A new review of current research indicates that despite growing popularity, the act of eating your placenta is still a bit of a mystery: no proven benefits or risks.
The trend towards natural parenting—from cloth diapering to extended breastfeeding—has been beneficial in many ways, but one fairly recent phenomenon is cause for concern: placentophagy—or eating your placenta.
Consuming one's own placenta after childbirth has been practiced by nearly all non-human mammals for centuries—presumably to clean the birth site, avoid attracting predators and restore strength after labor—but American women didn't start giving it a go themselves until the 1970s. Today, the custom is experiencing a rebirth of sorts as highly visible and vocal celebrities from Kourtney Kardashian to January Jones are touting the purported benefits of dehydrating and consuming their placentas in the form of "magic pills."
The problem is, the risks are unknown, and a new review published in Archives of Women's Mental Health indicates no evidence, after analyzing 10 studies, that eating your placenta, which acts as a filter to absorb and protect the fetus from toxins, has any benefits. This includes some widely made allegations that it can fend off postpartum depression and postnatal pain, bolster lactation, energy, and skin elasticity, and foster mother-baby bonding.
In one rodent study, placentophagy affected hormones that might aid in milk production. The belief for many women is that since other mammals might experience such gains from eating their afterbirths, humans should stand to benefit as well. But the risks or benefits found as a result of animal studies can't be directly translated to humans.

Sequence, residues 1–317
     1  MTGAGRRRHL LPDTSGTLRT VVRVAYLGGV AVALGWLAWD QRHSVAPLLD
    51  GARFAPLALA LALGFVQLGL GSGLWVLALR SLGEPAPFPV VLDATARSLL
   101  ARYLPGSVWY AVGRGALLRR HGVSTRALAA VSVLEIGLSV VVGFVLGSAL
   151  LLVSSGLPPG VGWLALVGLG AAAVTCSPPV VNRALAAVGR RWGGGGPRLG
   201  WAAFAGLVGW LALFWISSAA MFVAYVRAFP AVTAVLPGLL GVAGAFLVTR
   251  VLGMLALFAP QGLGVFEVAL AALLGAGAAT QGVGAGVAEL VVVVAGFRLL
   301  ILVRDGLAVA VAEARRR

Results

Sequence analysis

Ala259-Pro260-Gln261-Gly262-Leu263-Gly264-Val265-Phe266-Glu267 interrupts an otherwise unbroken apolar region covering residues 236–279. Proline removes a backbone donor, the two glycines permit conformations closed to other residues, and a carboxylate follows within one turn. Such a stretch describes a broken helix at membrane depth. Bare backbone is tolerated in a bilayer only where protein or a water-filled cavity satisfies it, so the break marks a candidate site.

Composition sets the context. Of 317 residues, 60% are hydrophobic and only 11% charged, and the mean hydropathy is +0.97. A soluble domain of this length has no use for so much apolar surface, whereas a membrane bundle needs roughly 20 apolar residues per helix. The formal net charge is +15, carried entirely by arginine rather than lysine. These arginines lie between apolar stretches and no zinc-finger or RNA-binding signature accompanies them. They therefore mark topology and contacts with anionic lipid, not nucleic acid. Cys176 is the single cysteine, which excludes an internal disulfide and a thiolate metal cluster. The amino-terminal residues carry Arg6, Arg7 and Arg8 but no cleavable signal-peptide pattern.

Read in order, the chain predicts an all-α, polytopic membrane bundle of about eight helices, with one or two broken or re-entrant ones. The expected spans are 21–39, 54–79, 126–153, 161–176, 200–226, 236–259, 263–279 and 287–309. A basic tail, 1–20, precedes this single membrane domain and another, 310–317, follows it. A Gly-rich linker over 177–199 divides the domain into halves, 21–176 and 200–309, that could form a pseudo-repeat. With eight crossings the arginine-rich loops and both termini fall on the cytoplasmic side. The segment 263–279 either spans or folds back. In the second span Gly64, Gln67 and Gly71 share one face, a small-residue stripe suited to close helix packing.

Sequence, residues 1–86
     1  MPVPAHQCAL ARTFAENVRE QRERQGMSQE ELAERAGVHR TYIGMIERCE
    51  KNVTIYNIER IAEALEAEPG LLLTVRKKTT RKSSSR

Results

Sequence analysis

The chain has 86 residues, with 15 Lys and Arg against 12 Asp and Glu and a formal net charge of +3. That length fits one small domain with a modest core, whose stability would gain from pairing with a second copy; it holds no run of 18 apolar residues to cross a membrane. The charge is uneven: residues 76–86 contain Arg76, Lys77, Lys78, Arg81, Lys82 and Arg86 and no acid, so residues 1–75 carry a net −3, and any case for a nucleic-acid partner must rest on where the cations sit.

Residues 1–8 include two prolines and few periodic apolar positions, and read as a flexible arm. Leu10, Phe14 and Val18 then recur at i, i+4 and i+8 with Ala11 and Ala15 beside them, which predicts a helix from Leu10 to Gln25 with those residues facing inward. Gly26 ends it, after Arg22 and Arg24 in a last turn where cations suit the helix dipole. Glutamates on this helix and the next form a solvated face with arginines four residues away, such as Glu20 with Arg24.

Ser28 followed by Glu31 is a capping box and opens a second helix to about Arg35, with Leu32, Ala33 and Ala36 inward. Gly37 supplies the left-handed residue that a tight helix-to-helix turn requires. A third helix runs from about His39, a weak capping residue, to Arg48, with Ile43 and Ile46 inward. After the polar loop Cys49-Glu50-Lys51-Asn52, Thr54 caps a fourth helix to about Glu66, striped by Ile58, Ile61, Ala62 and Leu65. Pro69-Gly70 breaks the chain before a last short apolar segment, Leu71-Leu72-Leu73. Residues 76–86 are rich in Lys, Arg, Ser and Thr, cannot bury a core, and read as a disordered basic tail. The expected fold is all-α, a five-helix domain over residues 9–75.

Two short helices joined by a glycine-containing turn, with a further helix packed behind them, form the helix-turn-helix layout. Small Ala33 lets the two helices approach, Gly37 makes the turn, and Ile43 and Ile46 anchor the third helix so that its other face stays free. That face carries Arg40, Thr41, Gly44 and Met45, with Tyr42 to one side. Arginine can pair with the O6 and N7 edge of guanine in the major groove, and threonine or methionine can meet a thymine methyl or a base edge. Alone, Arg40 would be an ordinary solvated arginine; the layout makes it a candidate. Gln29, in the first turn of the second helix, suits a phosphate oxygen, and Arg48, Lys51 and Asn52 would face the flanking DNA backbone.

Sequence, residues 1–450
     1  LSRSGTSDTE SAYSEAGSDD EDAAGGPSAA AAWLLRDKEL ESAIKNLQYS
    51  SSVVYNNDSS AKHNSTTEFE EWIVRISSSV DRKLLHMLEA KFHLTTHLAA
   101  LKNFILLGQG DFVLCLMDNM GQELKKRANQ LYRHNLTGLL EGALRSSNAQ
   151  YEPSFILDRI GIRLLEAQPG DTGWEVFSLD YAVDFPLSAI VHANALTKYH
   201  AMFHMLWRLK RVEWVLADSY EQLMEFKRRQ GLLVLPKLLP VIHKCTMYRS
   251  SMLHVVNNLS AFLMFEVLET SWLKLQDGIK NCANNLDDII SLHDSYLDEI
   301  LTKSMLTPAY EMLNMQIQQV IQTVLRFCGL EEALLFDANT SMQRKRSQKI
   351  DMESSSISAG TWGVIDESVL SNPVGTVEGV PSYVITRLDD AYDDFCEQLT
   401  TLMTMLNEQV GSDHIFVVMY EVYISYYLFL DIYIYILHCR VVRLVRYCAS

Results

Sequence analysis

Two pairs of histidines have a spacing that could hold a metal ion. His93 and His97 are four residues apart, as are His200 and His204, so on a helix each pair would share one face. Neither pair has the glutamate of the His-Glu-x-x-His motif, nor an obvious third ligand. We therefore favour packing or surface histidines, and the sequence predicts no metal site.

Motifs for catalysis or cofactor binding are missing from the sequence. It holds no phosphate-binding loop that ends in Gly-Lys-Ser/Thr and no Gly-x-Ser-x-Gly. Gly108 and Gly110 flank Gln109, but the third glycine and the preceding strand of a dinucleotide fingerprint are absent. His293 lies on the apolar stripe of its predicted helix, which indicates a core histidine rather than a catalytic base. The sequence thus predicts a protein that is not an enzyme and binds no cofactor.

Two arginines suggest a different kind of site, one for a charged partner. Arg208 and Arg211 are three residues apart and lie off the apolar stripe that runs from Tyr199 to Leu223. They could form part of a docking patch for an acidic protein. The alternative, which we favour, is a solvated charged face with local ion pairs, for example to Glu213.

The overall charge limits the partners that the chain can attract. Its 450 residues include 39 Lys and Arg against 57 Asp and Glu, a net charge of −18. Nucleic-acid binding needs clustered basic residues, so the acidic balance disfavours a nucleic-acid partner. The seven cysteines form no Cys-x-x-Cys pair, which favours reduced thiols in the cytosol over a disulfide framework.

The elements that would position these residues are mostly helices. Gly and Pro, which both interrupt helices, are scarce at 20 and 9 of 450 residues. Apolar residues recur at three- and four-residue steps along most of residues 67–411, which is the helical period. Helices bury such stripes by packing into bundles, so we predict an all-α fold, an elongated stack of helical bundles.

So where is all this misinformation coming from? "Our sense is that women are primarily getting this information after hearing about it from a friend or via individual experiences reported on blogs, websites, social media or TV," study author Kara E. Driscoll, M.D., told Fit Pregnancy. "Our review shows that women are less likely to hear about eating placenta from their health care providers, which may be due to the lack of randomized, placebo-controlled scientific studies in humans illustrating benefits of placenta consumption."
Without more data, it's problematic for researchers or medical professionals to make any recommendations regarding the risks or benefits of eating the placenta. Still, mothers and mothers-to-be should ask their doctors for their opinions and then consider whether or not placentophagy is a safe choice for them and their babies, especially if they are breastfeeding.
If you ultimately do decide to hire someone to dehydrate your placenta so that you can consume it in the form of pills, Driscoll notes that there are "no set standards or regulation of these preparations," so buyer beware. You really don't know what's lurking in those capsules or how those ingredients got there.
But beyond the uncertainty in having the placenta prepared for ingestion are additional worries regarding the mother's overall well being. "My primary concern about the use of the placenta relates to its perceived role as prevention or treatment of postpartum depression, instead of treatment for which we have solid scientific evidence, such as psychotherapy or antidepressant medications," Driscoll adds.
The takeaway, it seems, is that women experiencing any challenging postpartum symptoms should find a more direct means of addressing their issues. And one good place to start is by speaking with their doctors and getting the help they need to tackle their specific problems.